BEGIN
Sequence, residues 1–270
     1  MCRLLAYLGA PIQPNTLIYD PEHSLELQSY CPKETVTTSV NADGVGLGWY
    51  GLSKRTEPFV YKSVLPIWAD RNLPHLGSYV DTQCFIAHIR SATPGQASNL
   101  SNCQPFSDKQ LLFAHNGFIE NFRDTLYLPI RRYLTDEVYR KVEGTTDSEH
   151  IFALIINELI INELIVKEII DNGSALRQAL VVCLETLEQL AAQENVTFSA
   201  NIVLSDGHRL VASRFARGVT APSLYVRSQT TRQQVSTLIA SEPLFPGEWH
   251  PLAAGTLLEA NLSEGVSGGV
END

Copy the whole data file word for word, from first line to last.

Sequence, residues 1–270
     1  MCRLLAYLGA PIQPNTLIYD PEHSLELQSY CPKETVTTSV NADGVGLGWY
    51  GLSKRTEPFV YKSVLPIWAD RNLPHLGSYV DTQCFIAHIR SATPGQASNL
   101  SNCQPFSDKQ LLFAHNGFIE NFRDTLYLPI RRYLTDEVYR KVEGTTDSEH
   151  IFALIINELI INELIVKEII DNGSALRQAL VVCLETLEQL AAQENVTFSA
   201  NIVLSDGHRL VASRFARGVT APSLYVRSQT TRQQVSTLIA SEPLFPGEWH
   251  PLAAGTLLEA NLSEGVSGGV